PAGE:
New York, New York…

“New York, New York, a helluva town. The Bronx is up but the Battery’s down.” For the film version, the word “helluva” was changed to “wonderful” to appease the Production Code offices.

While the Scarlett Hose are visiting the Pinstripes, we might as well visit the ever present mythos of The Babe.  Mostly because hearing the play-by-play / color commentators tell this story is just getting old. 

 

On December 26, 1919, Frazee sold Ruth to the New York Yankees. Popular legend has it that Frazee sold Ruth and several other of his best players to finance a Broadway play, No, No, Nanette (which, though it actually didn’t debut until 1925, did have origins in a December 1919 play, My Lady Friends). The truth is not so simple, as Frazee had another financial concern: Babe Ruth.

After the 1919 season, Ruth demanded a raise to $20,000 ($220,000 in current dollar terms)—double his previous salary. However, Frazee refused, and Ruth responded by letting it be known he wouldn’t play until he got his raise, suggesting that he may retire to undertake other profitable ventures. Frazee finally lost patience with Ruth, and decided to trade him. However, he was effectively limited to two trading partners—the Chicago White Sox and the then-moribund Yankees. The other five clubs rejected his deals out of hand under pressure from American League president Ban Johnson, who never liked Frazee and was actively trying to remove him from ownership of the Red Sox. The White Sox offered Shoeless Joe Jackson $60,000 ($660,000 in current dollar terms), but Yankees owners Jacob Ruppert and Tillinghast L’Hommedieu Huston offered an all-cash deal—$100,000 ($1,100,000 in current dollar terms).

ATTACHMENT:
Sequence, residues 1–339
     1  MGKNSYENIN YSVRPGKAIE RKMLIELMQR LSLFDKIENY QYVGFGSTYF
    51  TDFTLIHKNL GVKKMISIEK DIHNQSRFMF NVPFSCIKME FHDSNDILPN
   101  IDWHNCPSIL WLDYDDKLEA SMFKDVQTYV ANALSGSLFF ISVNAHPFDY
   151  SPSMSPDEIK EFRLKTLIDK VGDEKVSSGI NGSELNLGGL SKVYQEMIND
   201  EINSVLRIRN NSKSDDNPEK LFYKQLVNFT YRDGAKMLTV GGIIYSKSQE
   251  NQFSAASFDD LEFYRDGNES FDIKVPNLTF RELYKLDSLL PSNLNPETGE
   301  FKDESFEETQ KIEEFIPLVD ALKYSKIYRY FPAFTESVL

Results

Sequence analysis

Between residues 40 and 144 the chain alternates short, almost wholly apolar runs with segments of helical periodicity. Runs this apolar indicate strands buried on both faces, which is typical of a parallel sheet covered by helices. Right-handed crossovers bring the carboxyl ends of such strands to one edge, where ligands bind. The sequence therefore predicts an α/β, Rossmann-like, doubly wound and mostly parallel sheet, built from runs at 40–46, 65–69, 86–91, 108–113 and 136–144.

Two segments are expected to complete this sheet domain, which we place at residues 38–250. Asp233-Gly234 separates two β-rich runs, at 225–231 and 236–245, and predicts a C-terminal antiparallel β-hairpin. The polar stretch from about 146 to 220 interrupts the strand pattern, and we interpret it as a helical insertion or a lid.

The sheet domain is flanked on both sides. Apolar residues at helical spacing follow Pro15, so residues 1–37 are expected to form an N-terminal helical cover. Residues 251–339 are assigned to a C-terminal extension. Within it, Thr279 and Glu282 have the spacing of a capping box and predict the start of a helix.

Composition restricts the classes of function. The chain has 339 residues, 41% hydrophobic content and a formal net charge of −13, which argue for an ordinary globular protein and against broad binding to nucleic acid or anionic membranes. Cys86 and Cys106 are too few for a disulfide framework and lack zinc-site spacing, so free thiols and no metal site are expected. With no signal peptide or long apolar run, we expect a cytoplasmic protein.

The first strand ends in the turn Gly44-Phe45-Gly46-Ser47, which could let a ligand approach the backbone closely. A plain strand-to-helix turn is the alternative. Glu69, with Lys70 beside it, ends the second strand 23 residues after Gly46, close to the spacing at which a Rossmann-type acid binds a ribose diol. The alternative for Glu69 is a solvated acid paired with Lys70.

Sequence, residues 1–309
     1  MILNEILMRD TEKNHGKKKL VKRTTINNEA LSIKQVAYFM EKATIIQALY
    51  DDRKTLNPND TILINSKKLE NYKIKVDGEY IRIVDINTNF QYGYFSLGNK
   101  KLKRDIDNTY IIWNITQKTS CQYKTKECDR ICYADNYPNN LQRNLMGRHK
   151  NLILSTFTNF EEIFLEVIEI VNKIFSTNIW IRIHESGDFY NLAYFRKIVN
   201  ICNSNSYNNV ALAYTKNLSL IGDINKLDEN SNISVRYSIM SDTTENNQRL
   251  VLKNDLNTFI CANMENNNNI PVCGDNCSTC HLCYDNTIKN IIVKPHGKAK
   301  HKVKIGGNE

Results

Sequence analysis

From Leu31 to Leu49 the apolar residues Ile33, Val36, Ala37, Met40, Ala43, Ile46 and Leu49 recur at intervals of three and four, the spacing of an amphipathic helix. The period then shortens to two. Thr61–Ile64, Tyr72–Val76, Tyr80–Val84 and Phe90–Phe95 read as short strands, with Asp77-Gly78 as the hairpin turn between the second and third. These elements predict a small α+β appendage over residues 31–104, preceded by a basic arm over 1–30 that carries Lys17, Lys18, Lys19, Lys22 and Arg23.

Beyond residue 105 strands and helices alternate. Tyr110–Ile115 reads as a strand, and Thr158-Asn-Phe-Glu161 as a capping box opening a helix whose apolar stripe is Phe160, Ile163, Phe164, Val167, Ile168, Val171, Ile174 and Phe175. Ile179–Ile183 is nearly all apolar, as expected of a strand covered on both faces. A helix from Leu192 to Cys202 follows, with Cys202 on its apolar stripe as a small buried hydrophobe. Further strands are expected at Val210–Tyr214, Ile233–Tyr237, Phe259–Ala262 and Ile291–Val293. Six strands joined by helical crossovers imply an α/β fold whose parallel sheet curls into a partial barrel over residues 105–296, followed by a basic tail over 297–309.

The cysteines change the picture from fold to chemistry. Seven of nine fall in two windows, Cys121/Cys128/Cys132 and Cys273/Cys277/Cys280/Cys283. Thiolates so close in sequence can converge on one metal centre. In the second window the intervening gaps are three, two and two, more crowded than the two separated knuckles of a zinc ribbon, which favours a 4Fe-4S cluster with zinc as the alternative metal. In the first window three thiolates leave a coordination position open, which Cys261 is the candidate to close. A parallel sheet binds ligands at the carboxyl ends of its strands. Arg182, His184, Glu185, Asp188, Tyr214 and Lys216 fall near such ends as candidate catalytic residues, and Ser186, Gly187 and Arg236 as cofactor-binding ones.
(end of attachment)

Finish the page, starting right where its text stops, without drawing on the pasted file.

Frazee, Ruppert and Huston quickly agreed to a deal. In exchange for Ruth, the Red Sox would get $125,000 ($1.37 million in current dollar terms) in cash and three $25,000 ($270,000 in current dollar terms) notes payable every year at 6 percent interest. Ruppert and Huston also loaned Frazee $300,000 ($3.29 million in current dollar terms), with the mortgage on Fenway Park as collateral. The deal was contingent on Ruth signing a new contract, which was quickly agreed to, and Ruth officially became property of the Yankees on December 26. The deal was announced ten days later.

In the January 6, 1920 edition of The Boston Globe, Frazee described the transaction:

“I should have preferred to take players in exchange for Ruth, but no club could have given me the equivalent in men without wrecking itself, and so the deal had to be made on a cash basis. No other club could afford to give me the amount the Yankees have paid for him, and I don’t mind saying I think they are taking a gamble. With this money the Boston club can now go into the market and buy other players and have a stronger and better team in all respects than we would have had if Ruth had remained with us.”

However, the January 6, 1920 The New York Times was more prescient:

“The short right field wall at the Polo Grounds should prove an easy target for Ruth next season and, playing seventy-seven games at home, it would not be surprising if Ruth surpassed his home run record of twenty-nine circuit clouts next Summer.”

 

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